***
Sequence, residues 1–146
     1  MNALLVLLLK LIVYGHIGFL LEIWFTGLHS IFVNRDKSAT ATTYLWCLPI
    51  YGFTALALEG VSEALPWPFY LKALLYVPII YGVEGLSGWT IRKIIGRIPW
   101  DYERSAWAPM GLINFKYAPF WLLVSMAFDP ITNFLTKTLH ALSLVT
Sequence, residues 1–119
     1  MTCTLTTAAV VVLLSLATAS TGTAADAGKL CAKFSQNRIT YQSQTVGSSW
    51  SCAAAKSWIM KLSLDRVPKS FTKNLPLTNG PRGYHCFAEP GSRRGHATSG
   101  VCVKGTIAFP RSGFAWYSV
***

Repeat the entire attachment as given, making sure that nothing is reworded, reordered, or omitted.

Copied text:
Sequence, residues 1–146
     1  MNALLVLLLK LIVYGHIGFL LEIWFTGLHS IFVNRDKSAT ATTYLWCLPI
    51  YGFTALALEG VSEALPWPFY LKALLYVPII YGVEGLSGWT IRKIIGRIPW
   101  DYERSAWAPM GLINFKYAPF WLLVSMAFDP ITNFLTKTLH ALSLVT
Sequence, residues 1–119
     1  MTCTLTTAAV VVLLSLATAS TGTAADAGKL CAKFSQNRIT YQSQTVGSSW
    51  SCAAAKSWIM KLSLDRVPKS FTKNLPLTNG PRGYHCFAEP GSRRGHATSG
   101  VCVKGTIAFP RSGFAWYSV